I went to see On Ego with great anticipation, it was clear that there was a great intrigue surrounding this play and I for one couldn’t wait to experience it for myself. The posters looked fantastic: Alberto Seveso’s coloured dyes swirling and warping on billboards around campus were sure to catch anyone’s eye. Testament to the uniqueness of On Ego, the first night featured a Q&A session before the performance. Neuro-scientist, Tom Hartley debated with Andrew Ward, Philosophy lecturer and together they discussed the endless questions raised by the play. The talk focussed especially on how the brain creates the self and concluded with the complex moral dilemma of teleportation. In effect, the concepts of the play were in motion before anyone had set foot on the stage. This heightened my desire to experience this play, immersed in the language of neurology and the hard problem of consciousness. I was eager to find out more.
I wasn’t disappointed.
Mick Gordon’s intriguing work centres around a married couple (Alice and Alex) and to a lesser extent Alice’s father Derek – a touchy subject (Derek is a professor and Alex’s senior). We hear Alex’s smooth and assured lecture at the beginning of the play but it’s only later, when events unfold, that Alex fully experiences his theories for himself, with tragic consequences.
Oliver Henn’s performance was impeccable, a seamless portrayal of Alex with all his quirks and exuberance, no doubt working closely with movement director Amy Warren. The opening lecture scene had the potential to be confusing (wrestling with huge concepts such as bundle and ego theory) but the way in which Henn coolly explained it, with a sharp energy and perfectly timed dialogue, drew in the audience and didn’t let them go. Henn perfectly encapsulated the arrogant yet likable protagonist.
Yoshika Colwell’s performance despite some evidence of opening night nerves, was captivating. Her character Alice was engaging, amiable and at key moments, heart breaking. For me the highlight of the show was these two actors relationship and their synergetic physicality throughout. Although I must admit some of the dance sequences were a little awkward.
Perfect in a role which seemed more of a side-line to the central couple was Harry Whittaker as Derek. Whittaker moulded himself into the part of a stubborn father and aged scientist, still wanting to seek control of the characters. As the play unfolds Derek’s character endures a change from humorous to cathartic and Whittaker expertly undergoes this transition as we see him crack under pressure. Brilliantly believable and flawlessly executed.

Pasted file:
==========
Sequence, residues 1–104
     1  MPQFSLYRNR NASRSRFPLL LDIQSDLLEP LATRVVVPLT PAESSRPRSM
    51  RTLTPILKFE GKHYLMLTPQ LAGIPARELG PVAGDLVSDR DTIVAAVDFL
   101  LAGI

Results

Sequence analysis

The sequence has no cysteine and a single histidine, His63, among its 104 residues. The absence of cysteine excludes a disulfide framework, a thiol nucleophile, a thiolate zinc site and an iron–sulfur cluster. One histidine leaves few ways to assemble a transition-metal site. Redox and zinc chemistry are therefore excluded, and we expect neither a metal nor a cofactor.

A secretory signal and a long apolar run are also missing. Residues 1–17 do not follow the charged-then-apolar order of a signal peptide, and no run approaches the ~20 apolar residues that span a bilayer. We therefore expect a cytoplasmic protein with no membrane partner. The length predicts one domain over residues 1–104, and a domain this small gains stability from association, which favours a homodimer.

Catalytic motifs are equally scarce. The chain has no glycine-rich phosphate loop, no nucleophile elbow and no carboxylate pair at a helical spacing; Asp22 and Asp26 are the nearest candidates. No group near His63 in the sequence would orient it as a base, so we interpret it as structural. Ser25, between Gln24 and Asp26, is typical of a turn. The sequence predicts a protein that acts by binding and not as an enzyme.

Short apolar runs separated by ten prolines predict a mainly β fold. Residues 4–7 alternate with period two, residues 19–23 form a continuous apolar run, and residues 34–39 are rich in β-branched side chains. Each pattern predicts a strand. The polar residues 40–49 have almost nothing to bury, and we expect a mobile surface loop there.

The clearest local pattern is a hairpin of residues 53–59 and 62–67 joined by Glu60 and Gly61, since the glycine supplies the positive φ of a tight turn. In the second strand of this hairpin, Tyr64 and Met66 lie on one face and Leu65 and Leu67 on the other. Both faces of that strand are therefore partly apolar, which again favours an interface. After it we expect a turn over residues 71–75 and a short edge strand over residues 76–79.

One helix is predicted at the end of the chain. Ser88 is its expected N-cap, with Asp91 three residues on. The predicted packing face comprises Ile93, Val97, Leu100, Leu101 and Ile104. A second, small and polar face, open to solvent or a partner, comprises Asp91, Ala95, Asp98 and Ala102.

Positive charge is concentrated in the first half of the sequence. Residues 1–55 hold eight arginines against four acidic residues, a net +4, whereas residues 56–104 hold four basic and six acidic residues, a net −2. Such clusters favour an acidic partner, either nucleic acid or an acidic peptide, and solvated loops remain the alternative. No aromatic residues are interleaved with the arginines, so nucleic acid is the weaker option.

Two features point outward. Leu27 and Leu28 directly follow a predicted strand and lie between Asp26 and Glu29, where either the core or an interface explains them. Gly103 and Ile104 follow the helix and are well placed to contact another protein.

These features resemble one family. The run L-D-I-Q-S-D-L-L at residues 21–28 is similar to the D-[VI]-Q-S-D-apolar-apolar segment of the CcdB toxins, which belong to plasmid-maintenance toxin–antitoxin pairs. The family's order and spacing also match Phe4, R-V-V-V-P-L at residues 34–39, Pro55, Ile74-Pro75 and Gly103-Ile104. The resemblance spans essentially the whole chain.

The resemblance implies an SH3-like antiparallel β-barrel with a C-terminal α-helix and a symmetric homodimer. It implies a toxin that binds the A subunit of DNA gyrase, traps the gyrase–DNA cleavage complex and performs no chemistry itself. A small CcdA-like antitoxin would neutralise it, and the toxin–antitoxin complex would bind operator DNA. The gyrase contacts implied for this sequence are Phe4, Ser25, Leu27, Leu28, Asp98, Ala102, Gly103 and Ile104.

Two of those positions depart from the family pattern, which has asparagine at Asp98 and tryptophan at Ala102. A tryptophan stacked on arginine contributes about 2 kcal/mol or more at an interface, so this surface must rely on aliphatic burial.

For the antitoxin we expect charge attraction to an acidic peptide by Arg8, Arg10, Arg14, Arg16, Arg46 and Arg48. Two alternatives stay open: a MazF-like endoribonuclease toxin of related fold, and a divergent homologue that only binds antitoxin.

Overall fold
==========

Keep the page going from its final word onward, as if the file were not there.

Scott Hurley composed the original score of On Ego – no doubt working closely with Tom Leatherbarrow the audio visual coordinator. At first, actors talking to the projected recording seemed a little clumsy and disjointed however once the play reached its dramatic climax the audiovisual effects were crucial in heightening the emotive scenes, pre-recordings of the cast were superimposed cut with dialogue. This effect was mesmerising and executed with aplomb. It lit up and filled the minimal set and one or two shivers were felt in the audience.
The play ends soon after this climactic scene with an obscure anecdote form Whittaker to keep you thinking. You are left with a slight confusion and some loose ties. However, what will remain clear at the end of the play (and long after) is the big questions of the characters’ microcosm. Do we have a self? How does the brain create this? Is there really no soul-pilot?
The highly anticipated On Ego by Mick Gordon, inspired by the book Into the Silent Land by Paul Brooks is playing at the Black Box theatre in TFTV until Saturday 8th February. This play is a must- see for anyone wishing to grapple with the perception we have of ourselves and our own enduring sense of identity. Whilst watching I was especially drawn in but the exceptional cast who embodied their characters with a great exuberance. Jason Ryall (co-director) had his analysis on point when he remarked that On Ego doesn’t necessarily give any answers, but pokes and ponders many questions. Indeed this peculiar play pokes and prods at the brain throughout and is sure to be a stimulating watch, something which will stick in the mind days after encountering it. Go and see it.